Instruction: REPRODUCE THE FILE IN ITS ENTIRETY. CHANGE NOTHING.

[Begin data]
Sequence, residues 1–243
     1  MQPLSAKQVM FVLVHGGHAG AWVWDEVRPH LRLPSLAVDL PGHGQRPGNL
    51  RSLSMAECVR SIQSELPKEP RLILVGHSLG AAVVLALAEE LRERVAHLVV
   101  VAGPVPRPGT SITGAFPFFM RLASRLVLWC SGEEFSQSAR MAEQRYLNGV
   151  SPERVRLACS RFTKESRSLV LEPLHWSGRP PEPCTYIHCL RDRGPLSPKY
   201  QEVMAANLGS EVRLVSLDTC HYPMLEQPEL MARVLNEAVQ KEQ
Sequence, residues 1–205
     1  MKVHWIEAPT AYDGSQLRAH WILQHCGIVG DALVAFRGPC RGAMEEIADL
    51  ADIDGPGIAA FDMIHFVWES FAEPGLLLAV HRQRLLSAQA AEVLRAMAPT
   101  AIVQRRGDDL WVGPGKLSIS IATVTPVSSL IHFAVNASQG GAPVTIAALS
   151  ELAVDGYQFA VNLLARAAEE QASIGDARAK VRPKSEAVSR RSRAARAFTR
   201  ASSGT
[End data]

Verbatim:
Sequence, residues 1–243
     1  MQPLSAKQVM FVLVHGGHAG AWVWDEVRPH LRLPSLAVDL PGHGQRPGNL
    51  RSLSMAECVR SIQSELPKEP RLILVGHSLG AAVVLALAEE LRERVAHLVV
   101  VAGPVPRPGT SITGAFPFFM RLASRLVLWC SGEEFSQSAR MAEQRYLNGV
   151  SPERVRLACS RFTKESRSLV LEPLHWSGRP PEPCTYIHCL RDRGPLSPKY
   201  QEVMAANLGS EVRLVSLDTC HYPMLEQPEL MARVLNEAVQ KEQ
Sequence, residues 1–205
     1  MKVHWIEAPT AYDGSQLRAH WILQHCGIVG DALVAFRGPC RGAMEEIADL
    51  ADIDGPGIAA FDMIHFVWES FAEPGLLLAV HRQRLLSAQA AEVLRAMAPT
   101  AIVQRRGDDL WVGPGKLSIS IATVTPVSSL IHFAVNASQG GAPVTIAALS
   151  ELAVDGYQFA VNLLARAAEE QASIGDARAK VRPKSEAVSR RSRAARAFTR
   201  ASSGT